Large Water worlds covered in a deep ocean and with a high surface temperature, higher than 100° C. They occupy a middle ground between Panthalassic (cool-water ocean worlds) and pyrothalassic (magma-ocean worlds). Terrestrial-sized hot water worlds are known as PelaCytherean Subtype worlds.
The water layer may be hundreds of kilometres deep; on many such worlds the water is deep enough to compress the water into high-pressure ice, forming an ice mantle which covers the rocky layers below. The depth at which this ice mantle forms depends on the temperature of the ocean, which depends in turn on the heat received from the local star(s), tidal heating and radioisotope decay in the core.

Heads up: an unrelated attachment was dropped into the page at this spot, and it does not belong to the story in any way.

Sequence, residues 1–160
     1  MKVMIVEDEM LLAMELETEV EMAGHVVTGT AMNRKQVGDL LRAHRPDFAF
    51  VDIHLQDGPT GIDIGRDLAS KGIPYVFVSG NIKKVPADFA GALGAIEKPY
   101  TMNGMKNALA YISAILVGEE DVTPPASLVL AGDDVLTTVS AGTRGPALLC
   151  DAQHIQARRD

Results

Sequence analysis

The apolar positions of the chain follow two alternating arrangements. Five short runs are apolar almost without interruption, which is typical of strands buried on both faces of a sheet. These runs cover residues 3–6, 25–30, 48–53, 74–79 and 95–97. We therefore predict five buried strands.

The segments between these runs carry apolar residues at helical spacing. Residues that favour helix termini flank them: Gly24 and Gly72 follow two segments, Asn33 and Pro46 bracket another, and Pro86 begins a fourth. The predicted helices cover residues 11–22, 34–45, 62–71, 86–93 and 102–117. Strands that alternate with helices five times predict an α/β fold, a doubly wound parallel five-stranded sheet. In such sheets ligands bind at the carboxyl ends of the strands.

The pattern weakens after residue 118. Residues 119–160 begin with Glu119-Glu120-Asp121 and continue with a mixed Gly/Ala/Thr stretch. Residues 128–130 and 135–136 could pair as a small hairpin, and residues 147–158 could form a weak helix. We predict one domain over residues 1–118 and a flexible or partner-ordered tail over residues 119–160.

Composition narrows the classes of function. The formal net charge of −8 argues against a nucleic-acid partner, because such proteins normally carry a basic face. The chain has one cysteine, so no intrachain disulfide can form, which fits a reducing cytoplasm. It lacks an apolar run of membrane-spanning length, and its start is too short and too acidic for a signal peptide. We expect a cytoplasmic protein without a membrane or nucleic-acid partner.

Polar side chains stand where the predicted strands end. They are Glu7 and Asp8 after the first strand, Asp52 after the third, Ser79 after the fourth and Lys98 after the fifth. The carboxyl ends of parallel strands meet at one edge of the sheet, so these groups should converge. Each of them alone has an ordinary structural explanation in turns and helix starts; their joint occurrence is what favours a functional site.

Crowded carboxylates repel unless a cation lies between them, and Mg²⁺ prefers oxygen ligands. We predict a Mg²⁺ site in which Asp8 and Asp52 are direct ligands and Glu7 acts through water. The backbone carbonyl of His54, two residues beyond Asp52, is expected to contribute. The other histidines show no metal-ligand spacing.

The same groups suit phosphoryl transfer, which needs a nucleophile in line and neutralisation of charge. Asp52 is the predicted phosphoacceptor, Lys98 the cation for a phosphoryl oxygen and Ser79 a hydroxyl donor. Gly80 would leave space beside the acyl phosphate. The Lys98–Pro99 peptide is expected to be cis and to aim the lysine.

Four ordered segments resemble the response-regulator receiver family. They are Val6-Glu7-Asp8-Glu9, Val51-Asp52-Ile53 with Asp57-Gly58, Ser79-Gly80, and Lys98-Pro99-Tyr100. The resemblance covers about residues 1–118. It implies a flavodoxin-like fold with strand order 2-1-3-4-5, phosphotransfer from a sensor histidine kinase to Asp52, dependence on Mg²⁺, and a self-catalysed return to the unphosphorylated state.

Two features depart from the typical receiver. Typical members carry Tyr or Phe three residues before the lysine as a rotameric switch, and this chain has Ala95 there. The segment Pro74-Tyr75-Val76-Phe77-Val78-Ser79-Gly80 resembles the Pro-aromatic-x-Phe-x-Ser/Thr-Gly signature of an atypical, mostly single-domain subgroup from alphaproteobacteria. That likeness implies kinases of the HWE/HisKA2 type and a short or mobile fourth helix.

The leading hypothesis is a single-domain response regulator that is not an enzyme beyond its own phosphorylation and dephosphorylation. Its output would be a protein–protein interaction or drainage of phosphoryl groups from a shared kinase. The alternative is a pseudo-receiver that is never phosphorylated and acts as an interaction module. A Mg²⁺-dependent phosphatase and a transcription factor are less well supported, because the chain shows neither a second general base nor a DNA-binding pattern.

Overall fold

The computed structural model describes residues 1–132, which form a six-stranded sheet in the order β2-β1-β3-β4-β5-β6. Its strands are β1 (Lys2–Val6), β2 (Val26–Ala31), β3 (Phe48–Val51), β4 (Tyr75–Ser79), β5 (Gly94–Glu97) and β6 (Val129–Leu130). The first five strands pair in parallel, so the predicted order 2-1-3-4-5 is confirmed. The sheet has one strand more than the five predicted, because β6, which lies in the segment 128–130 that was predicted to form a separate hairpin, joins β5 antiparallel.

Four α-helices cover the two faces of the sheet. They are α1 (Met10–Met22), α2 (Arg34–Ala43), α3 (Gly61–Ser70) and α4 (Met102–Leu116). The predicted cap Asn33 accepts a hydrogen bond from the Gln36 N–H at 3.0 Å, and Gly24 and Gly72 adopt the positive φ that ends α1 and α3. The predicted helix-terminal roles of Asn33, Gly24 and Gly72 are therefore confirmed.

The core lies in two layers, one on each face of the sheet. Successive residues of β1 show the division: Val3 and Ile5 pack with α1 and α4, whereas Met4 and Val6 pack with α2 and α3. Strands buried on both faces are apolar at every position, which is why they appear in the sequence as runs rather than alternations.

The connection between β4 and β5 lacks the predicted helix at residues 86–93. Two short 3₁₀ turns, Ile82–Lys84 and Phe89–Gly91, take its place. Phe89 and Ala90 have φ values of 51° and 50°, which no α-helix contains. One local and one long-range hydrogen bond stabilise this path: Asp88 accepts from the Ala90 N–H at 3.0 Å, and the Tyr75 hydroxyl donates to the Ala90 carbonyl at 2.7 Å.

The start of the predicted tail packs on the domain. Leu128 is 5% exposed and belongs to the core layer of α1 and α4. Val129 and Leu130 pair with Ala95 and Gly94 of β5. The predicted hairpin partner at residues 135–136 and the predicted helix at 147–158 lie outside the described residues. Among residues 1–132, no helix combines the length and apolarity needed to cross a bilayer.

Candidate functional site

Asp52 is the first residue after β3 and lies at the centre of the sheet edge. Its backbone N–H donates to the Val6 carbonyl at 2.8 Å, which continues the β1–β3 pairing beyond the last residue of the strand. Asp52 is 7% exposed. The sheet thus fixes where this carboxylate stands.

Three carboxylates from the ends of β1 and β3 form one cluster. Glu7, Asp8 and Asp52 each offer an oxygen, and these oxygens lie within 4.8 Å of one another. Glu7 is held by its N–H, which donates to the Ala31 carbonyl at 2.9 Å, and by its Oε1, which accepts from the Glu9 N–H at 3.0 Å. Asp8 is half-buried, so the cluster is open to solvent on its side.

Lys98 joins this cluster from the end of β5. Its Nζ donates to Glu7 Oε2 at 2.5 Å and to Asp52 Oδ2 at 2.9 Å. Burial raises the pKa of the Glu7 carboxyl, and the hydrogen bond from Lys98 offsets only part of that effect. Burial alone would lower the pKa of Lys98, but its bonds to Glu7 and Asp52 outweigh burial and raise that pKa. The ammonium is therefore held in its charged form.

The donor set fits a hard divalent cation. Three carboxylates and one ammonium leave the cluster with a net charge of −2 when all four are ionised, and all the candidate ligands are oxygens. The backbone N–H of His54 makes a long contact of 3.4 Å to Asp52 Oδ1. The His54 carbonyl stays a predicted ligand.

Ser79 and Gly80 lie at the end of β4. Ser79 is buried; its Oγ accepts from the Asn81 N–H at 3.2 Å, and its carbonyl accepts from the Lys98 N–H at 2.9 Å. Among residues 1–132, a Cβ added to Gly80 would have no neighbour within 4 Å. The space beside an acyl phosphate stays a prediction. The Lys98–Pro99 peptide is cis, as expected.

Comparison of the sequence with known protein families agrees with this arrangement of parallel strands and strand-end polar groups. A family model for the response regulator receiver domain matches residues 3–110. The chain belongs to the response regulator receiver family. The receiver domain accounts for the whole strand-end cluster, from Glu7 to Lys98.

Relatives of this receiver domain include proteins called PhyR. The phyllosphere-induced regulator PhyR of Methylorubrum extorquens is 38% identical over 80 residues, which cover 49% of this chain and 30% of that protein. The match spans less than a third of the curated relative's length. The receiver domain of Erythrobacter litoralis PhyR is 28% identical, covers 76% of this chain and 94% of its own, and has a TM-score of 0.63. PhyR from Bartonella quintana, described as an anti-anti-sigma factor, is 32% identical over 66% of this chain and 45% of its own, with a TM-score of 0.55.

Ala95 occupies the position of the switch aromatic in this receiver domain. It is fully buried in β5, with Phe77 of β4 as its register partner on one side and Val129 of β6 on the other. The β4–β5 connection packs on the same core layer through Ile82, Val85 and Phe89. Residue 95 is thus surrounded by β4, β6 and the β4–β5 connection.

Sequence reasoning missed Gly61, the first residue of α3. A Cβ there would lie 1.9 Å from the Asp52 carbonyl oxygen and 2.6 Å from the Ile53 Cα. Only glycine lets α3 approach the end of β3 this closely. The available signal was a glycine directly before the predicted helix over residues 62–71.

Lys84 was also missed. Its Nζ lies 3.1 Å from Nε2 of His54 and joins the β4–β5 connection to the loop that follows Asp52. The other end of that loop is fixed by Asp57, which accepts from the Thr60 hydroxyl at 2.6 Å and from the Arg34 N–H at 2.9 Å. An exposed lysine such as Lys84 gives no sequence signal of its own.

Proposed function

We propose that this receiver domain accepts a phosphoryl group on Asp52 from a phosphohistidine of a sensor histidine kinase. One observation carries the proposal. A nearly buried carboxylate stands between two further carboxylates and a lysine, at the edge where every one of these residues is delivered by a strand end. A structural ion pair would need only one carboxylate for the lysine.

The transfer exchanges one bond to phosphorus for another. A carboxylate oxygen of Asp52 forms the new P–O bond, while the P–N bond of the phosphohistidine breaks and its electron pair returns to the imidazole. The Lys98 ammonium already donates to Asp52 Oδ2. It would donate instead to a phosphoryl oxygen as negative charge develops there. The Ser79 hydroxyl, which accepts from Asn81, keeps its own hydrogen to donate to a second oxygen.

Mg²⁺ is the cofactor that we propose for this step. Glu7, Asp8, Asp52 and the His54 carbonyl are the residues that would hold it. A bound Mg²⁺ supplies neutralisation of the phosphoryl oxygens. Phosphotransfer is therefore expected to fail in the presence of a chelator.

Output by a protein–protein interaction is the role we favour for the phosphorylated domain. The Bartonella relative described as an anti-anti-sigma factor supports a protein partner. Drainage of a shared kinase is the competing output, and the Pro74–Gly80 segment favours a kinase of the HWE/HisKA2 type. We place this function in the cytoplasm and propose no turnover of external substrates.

The water oceans on these worlds remain liquid because of high atmospheric pressure; in many cases this pressure and temperature is sufficient to cause the formation of a supercritical fluid layer between the gaseous atmosphere and the liquid ocean. The supercritical fluid layer acts like both water and steam, dissolving solids without forming an easily definable liquid surface. Heavier-than-water vessels cannot float on the surface of such a layer, so explorers must use powered flight or balloons for support.
Protein-based life can only survive on the coolest pyrohydrothalassic worlds; above 200° C any colonsation effort must use artificial life-like processes, often derived from thiogen biochemistry. Due to volcanic activity within the ice mantle layers the oceans of these worlds often contain a rich mix of dissolved ions and gases, and colonies on such worlds generally base their economy on mineral extraction technology.